World Coffee Day – How to source good coffee, wherever you find yourself
My husband Alex is a passionate coffee drinker, a tragic addict. Being from Spain, he is in constant pursuit of the ‘café cortado’. It’s not a latte, it has less milk and it’s not an expresso, it has some milk. He prefers it if the milk is warm, not added as an after-thought like it sometimes is at hotel breakfasts and definitely not a scalding 2000⁰C which is common in some parts of the world.
The perfect coffee experience. Christmas day 2015 in Vientiane, Laos.
Like any addiction, there are highs and lows to the coffee experience and these are particularly pronounced in an overseas environment, when the addict is presented with unacceptable uncertainties. What kind of coffee will they have at the hotel? Is there going to be a kettle in the room? During the field trip, will there be access to boiling water? Can cold milk be purchased in the village or does it lack electricity? These might seem like ‘first world problems’ to many, but I encourage you not to judge until after you’ve endured a week with Alex in what we call an ‘unacceptable coffee situation’.
On this international coffee day (October 1st https://internationalcoffeeday.org/, or September 29th in Australia) , I’d like to present tips for ensuring a good coffee is always possible, in all conditions. The most logical way to do this is to describe common environments where coffee is available and recommendations on the quality of options.
So you’ve just arrived in Bangkok after the red eye and you are pleased to see the familiar neon sign reading ‘Café’. A few things to be aware of;
- The term ‘café’ is used loosely in some countries and coffee as you know it may not actually be available here
- Note that just because a coffee machine is present, it doesn’t mean it will be used and if it is used, it might not be used in the way you expect
Recommendation: Make a quick assessment on the facilities behind the sign. Inspect the coffee machine and be specific, but as comprehensible as possible about your order. Watch for the addition of condensed milk and sugar.
The hotel breakfast
Hotel breakfasts produce the most variable quality of coffee. A few things to keep in mind;
- Usually the coffee that is refilled at your table is part of a large brew, and higher quality machine coffee can be obtained by asking
- In some hotels machine coffees are charged, whereas coffee from those horrible American diner style jugs are free
- Boiling water is almost always available, even at the most basic of hotels/guesthouses so if in doubt, bring your own ingredients and coffee making device (see below)
Recommendation: Bring your own device just in case and if you are offered the American diner style jug, attempt to order separately.
The small eatery
It’s close to midday and after an early start, you haven’t had your coffee yet. You pull up for lunch at a roadside eatery. Here are a few tips;
- In countries where coffee is grown, you can sometimes get a decent coffee at one of these places made through a simple device as shown below
- If you are health conscious, beware of the condensed milk and sugar addition and if you’re not, go crazy – that stuff is delicious!
- In most cases, you’ll be presented with the dreaded instant coffee and even worse the ‘X in one’. ‘X’ can be any number from 3 to 7 and it’s safe to say that all 3-7 ingredients are toxic to your body. The proportions are all wrong and most are a cup full of sugar with a sprinkle of instant coffee, powder milk and an additional 1-4 unnecessary ingredients (mushrooms or ginseng for example)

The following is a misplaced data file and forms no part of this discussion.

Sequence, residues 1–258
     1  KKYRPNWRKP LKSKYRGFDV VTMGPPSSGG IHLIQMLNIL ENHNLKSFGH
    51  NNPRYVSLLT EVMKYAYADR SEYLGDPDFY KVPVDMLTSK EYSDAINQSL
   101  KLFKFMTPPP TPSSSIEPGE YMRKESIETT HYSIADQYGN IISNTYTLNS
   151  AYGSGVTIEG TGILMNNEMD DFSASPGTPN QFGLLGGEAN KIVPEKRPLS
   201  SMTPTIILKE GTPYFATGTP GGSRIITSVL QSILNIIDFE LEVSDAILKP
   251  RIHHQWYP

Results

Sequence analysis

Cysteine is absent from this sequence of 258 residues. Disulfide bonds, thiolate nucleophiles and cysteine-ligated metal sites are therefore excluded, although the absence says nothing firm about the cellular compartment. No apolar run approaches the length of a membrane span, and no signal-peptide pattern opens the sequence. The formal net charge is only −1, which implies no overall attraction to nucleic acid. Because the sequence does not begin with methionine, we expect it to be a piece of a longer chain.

Recommendation: Avoid X in one at all costs. If you see a genuine coffee making device, in a coffee growing country, consider giving it a try.
You’ve just listened to the world’s longest powerpoint presentation and the coffee break has finally arrived. You rush to the front of the queue to assess your options. Here are some tips;
- You are likely to be presented with the large batch brew or the dreaded X in one.
Recommendation: In a city or upmarket hotel, a proper café may be within walking distance in the 20-minute time frame. Gather together a group and make a mad rush. In more basic conditions, you may consider bringing your own device and ingredients and utilizing the hot water available for tea.
You are collecting data in a small village for 3 weeks. Here are some things to consider;
- Unless you are in a larger center, you will probably need to bring your own device
- If you take milk in your coffee, you might want to consider bringing small UHT milks or milk powder
- Coffee can bring people together and being the village barrister may help you to score a few extra field work assistants
Recommendation: Bring your own coffee making device (see below) and essential ingredients. Make sure you bring enough ingredients to prepare coffee for the whole village.
Here are some of the above mentioned coffee making devices that you should consider investing in.
The coffee press (plunger)
Pros: Only requires hot water and ground coffee (which you can purchase before your trip) so can be used in the most basic conditions
Cons: Annoying to clean
The stovetop maker
Pros: Some nostalgic Spanish and Italian people prefer this model as it brings them back to their origins. The taste can be stronger, when you don’t let coffee boil for a long time.
Cons: Requires a stove
Pros: Churns out a brilliant coffee if you have the right beans and access to hot water
Cons: Can be a bit fiddly and you need to keep a stash of filters
The coffee machine
Pros: Exceptional quality
Cons: Difficult to transport and requires electricity and skilled operator
Enjoy reading RAID blogs? Submit your own blog for a chance to win some great prizes and to share your own experiences in international agricultural research for development (click here for more information)